One has to wonder why someone with such a belief would have subjective moral values, anyway. Afterall, what are they based on, when you recognize there is no objective morality, and that each set of moral conviction is no better or worse than any other?

    One does have to wonder that. It's more or less the question I posed in the OP. Some people have given some answers. Some others have simply accused me of not thinking things through.


    Let me explain the situation with an analogy:
    Two people disagree on whether a circle is happy or unhappy. Objectively speaking, the circle is neither.
    The persons may have any opinion on the matter, it doesn't change the fact that it is meaningless, realistically speaking.

    You think that way about morality. People have their opinions on what is good and what is bad, but you recognize that it doesn't exist in reality.
    And yet you live by a set of moral convictions.
    You know that the circle is neither happy or unhappy, and yet you base your actions on your "belief" that it is, let's say, happy.


    Here's the thing. I don't base my actions on the belief that is happy. I base my actions on the evaluation that it is happy-to-me. The problem with your analogy is that while the objective happiness of a circle is indeed unintelligible, the subjective happiness of a circle is also unintelligible. Subjective morality, however, is not unintelligible.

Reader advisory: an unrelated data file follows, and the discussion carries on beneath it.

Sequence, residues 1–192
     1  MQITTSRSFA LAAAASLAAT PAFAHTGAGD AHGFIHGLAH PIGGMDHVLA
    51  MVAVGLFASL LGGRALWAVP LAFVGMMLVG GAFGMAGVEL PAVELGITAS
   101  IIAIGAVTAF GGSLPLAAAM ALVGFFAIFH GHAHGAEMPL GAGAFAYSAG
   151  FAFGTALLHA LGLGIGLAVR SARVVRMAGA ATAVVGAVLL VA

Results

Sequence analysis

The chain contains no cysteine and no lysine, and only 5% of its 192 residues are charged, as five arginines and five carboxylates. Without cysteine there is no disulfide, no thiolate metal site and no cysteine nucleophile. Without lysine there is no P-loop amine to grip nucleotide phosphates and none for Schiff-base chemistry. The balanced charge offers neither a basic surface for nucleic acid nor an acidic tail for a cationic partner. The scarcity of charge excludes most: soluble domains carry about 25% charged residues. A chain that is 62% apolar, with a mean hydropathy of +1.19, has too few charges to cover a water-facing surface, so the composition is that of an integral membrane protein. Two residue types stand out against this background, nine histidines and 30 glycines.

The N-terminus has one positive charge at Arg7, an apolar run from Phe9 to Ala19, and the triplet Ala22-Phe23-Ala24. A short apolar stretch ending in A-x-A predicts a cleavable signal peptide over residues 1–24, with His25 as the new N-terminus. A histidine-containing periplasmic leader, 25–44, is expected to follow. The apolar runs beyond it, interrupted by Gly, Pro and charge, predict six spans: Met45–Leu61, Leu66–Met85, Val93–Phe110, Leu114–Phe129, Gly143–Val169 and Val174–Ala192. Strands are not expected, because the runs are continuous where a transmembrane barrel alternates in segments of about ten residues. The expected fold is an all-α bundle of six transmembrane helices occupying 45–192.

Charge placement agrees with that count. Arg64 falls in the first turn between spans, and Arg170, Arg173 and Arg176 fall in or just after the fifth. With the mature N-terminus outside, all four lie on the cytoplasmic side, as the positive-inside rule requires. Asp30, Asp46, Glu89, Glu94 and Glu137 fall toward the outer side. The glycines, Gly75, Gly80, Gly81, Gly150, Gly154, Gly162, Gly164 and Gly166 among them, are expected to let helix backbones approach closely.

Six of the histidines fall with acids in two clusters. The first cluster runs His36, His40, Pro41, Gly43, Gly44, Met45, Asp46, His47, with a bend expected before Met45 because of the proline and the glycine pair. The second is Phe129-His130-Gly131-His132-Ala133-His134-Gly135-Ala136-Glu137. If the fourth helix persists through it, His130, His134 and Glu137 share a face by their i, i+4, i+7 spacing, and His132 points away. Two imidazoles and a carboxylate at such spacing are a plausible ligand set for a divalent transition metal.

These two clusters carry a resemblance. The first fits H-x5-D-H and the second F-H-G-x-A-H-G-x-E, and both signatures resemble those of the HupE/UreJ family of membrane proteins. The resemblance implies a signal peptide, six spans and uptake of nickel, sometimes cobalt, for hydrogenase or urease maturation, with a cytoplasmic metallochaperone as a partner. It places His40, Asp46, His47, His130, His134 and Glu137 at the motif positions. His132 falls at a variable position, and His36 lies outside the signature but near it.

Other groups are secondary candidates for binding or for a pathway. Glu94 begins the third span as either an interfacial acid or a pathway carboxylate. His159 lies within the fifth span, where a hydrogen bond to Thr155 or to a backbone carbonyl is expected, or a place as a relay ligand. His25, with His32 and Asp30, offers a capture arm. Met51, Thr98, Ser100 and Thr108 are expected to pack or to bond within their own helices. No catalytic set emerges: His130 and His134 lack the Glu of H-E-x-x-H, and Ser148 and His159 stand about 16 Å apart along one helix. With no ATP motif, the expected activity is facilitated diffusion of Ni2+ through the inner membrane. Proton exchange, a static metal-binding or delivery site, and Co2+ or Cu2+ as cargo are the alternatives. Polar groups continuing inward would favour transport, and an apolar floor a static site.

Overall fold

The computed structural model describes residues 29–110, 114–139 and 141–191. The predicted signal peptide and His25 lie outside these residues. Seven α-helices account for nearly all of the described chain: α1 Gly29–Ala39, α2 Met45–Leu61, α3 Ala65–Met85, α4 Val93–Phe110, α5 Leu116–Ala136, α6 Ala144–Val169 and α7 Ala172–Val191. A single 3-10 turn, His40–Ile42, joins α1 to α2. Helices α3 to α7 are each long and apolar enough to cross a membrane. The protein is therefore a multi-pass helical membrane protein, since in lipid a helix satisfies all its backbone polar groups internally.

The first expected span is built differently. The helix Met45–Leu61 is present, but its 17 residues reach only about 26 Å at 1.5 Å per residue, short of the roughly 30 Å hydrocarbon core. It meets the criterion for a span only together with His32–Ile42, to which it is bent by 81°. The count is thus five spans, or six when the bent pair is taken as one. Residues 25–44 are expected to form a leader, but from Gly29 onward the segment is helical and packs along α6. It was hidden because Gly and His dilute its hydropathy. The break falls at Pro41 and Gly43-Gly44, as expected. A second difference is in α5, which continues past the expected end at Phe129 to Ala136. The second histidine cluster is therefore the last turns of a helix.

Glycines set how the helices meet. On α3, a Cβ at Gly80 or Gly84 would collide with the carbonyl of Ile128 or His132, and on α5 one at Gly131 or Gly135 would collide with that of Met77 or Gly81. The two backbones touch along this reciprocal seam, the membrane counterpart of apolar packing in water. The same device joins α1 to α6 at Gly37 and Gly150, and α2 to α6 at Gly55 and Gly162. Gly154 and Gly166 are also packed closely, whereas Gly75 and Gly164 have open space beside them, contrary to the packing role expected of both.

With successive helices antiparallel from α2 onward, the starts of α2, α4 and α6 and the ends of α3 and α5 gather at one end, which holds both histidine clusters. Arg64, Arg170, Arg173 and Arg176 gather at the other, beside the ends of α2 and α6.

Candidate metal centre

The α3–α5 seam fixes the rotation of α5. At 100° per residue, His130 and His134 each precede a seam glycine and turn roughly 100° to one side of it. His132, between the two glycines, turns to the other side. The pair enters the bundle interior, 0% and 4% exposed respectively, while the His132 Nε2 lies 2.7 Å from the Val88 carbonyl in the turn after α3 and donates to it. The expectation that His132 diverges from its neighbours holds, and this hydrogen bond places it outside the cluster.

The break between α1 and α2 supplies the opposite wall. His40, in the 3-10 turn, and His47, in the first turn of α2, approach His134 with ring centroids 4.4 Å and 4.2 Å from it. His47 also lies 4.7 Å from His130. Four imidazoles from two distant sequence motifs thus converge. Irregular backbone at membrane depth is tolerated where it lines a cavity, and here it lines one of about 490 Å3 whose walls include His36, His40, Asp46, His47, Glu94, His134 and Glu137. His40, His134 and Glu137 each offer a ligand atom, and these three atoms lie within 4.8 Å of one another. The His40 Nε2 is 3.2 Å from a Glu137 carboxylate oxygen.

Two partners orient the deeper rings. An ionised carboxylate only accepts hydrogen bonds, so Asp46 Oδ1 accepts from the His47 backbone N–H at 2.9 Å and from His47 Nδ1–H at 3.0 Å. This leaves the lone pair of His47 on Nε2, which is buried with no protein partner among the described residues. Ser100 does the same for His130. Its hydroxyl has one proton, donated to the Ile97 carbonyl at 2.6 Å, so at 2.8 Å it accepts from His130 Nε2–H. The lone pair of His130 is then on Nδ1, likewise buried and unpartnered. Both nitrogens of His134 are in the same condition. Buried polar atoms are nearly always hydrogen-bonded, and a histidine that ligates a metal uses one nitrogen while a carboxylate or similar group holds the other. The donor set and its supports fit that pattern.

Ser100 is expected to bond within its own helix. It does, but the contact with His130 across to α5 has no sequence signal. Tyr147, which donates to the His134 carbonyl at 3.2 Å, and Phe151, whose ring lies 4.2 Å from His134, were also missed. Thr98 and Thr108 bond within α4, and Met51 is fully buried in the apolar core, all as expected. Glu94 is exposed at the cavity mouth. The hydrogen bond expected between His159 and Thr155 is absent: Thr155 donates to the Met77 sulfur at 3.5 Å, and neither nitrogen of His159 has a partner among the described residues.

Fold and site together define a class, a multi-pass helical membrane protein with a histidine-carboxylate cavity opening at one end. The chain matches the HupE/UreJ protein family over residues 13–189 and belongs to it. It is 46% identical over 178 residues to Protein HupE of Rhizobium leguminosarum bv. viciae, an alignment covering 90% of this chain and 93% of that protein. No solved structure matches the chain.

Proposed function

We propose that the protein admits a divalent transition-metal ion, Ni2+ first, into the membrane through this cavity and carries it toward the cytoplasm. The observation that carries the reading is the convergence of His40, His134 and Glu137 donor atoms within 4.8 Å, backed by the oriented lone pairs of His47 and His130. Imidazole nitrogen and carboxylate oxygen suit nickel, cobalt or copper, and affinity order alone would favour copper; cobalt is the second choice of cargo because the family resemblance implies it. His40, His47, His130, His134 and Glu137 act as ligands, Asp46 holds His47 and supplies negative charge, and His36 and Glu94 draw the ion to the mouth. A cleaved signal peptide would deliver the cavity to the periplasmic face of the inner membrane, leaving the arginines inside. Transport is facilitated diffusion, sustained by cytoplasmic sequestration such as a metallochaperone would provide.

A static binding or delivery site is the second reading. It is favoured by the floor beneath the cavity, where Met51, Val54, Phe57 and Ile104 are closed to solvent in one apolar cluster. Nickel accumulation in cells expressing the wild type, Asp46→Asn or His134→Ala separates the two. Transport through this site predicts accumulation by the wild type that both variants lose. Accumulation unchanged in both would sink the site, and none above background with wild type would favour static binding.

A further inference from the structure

A better analogy would be two people talking about whether or not a particular painting is beautiful. They recognise that it's only a matter of opinion and there's no such thing as being "more right" about its beauty. But that doesn't change the fact that, according to their tastes, one finds it beautiful-to-him and the other finds it ugly-to-him.


    Ah, but whether they are unavoidable or not has no bearing on the importance of having them.
    Since you recognize they are not based on anything that is real, were you to live according to that knowledge, you would go over your feelings and have no moral convictions.